10:58 January 10, 2022
Plans for a 143-bed shared apartment in the city center have been rejected due to concerns about the associated housing conditions.
A request to convert two buildings at the intersection of Westlegate and St. Stephen’s Streets into an apartment building (HMO) raised a number of objections from neighbors who were also concerned about the impact of noise and privacy.
The buildings – one called Westlegate and the other Boar’s Head, after a tavern that once stood on the site – have shops on the ground floor, but the plans would have built apartments above.
HMOs are properties shared by several different tenants who rent out all of the rooms and have access to a common room. Westlegate’s plans were to be arranged in groups of rooms with communal kitchens.
The developer JaeVee wanted to convert the space above the ground floor into living space, with a two-story extension and a bar or restaurant area on the roof.
The plans also included an array of on-site amenities, including a gym, library, movie theater room, game room, and coffee lounge.
The application was rejected on Friday by the planning officers and did not go before the city council.
In her report, Planner Maria Hammond said, “The huge 143 bedroom HMO would provide residents with a poor standard of amenities and living conditions, and the full impact on neighboring residents cannot be assessed without further information, including a noise assessment.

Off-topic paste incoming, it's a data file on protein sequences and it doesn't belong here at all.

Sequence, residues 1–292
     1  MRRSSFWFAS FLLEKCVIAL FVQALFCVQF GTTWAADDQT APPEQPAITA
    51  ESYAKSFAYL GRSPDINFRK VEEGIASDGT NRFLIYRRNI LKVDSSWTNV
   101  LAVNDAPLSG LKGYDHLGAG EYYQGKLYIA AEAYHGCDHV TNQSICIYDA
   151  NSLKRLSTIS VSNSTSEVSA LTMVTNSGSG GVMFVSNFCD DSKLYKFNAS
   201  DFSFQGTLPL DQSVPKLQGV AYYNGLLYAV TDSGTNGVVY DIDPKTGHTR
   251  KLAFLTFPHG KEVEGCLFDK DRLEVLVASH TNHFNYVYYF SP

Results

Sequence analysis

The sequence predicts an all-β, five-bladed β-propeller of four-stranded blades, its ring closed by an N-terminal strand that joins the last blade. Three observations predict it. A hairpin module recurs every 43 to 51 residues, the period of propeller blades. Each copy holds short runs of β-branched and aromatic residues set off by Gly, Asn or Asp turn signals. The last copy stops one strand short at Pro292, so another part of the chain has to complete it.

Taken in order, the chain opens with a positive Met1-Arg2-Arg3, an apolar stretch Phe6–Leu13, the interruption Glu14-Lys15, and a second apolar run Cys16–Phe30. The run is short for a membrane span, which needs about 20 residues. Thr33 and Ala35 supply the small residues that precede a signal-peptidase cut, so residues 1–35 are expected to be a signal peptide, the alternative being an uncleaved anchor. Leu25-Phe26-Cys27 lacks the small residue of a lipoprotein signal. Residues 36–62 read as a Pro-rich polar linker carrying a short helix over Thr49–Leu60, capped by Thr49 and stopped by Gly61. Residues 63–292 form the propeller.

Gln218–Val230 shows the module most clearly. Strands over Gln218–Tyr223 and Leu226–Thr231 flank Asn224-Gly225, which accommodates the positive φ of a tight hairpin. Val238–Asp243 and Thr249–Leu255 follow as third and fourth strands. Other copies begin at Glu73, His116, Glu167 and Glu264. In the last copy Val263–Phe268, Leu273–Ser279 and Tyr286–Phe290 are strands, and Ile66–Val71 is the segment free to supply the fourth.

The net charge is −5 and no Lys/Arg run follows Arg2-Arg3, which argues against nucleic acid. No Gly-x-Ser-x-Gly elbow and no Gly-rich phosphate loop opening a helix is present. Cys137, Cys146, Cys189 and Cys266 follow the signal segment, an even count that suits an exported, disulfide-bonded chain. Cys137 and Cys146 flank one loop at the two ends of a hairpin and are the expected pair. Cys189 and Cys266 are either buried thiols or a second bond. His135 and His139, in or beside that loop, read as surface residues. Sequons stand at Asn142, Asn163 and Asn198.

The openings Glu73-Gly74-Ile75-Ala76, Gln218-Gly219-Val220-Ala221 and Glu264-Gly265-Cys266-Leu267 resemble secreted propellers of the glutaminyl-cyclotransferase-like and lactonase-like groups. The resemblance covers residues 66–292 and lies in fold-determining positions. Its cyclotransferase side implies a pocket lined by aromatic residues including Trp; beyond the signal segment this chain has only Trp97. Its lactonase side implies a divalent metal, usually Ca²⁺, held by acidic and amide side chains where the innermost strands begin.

“Fire safety, flood risk, impact on protected species, and the site’s ability to provide renewable / low-carbon energy cannot be fully assessed either.”
Ms Hammond said there is not enough space to meet all of users’ needs and the size of the development could affect the characteristics and appearance of the area, which includes cultural assets, including listed buildings like Marble Hall, the Aviva headquarters nearby.
Objections to the plans came from 12 neighbors, including the chairman of the Westlegate Residents Association (WTRA) and Aviva.
A neighbor said he already had trouble sleeping due to noise in the area and that excessive noise could worsen his existing health.
They said, “This motion puts my health and intellectual property at risk as it inevitably leads to a gathering of revelers right across from my bedroom window.”
Kamal Giwa, who wrote on Aviva’s behalf, said it could block their lights and allow people to see into their offices.
Sam Sterry, head of acquisition at JaeVee, said the company will review the official’s comments and file a new application with the additional information required.